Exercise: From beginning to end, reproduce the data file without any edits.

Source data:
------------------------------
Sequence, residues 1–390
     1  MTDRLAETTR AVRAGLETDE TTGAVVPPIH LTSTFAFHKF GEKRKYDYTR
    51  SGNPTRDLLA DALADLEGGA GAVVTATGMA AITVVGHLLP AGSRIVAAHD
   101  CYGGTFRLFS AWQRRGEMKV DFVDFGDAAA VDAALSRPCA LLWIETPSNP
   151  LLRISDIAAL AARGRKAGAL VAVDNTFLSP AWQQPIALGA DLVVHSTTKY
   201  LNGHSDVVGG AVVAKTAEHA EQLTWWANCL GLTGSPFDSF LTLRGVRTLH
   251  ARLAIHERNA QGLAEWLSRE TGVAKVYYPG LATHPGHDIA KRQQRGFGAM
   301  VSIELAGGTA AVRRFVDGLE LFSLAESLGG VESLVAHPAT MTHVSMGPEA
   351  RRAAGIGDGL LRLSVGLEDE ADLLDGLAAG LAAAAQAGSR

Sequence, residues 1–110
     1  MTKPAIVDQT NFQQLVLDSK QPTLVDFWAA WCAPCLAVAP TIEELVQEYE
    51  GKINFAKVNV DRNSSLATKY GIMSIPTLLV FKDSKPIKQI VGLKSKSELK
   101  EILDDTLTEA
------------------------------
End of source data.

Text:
Sequence, residues 1–390
     1  MTDRLAETTR AVRAGLETDE TTGAVVPPIH LTSTFAFHKF GEKRKYDYTR
    51  SGNPTRDLLA DALADLEGGA GAVVTATGMA AITVVGHLLP AGSRIVAAHD
   101  CYGGTFRLFS AWQRRGEMKV DFVDFGDAAA VDAALSRPCA LLWIETPSNP
   151  LLRISDIAAL AARGRKAGAL VAVDNTFLSP AWQQPIALGA DLVVHSTTKY
   201  LNGHSDVVGG AVVAKTAEHA EQLTWWANCL GLTGSPFDSF LTLRGVRTLH
   251  ARLAIHERNA QGLAEWLSRE TGVAKVYYPG LATHPGHDIA KRQQRGFGAM
   301  VSIELAGGTA AVRRFVDGLE LFSLAESLGG VESLVAHPAT MTHVSMGPEA
   351  RRAAGIGDGL LRLSVGLEDE ADLLDGLAAG LAAAAQAGSR

Sequence, residues 1–110
     1  MTKPAIVDQT NFQQLVLDSK QPTLVDFWAA WCAPCLAVAP TIEELVQEYE
    51  GKINFAKVNV DRNSSLATKY GIMSIPTLLV FKDSKPIKQI VGLKSKSELK
   101  EILDDTLTEA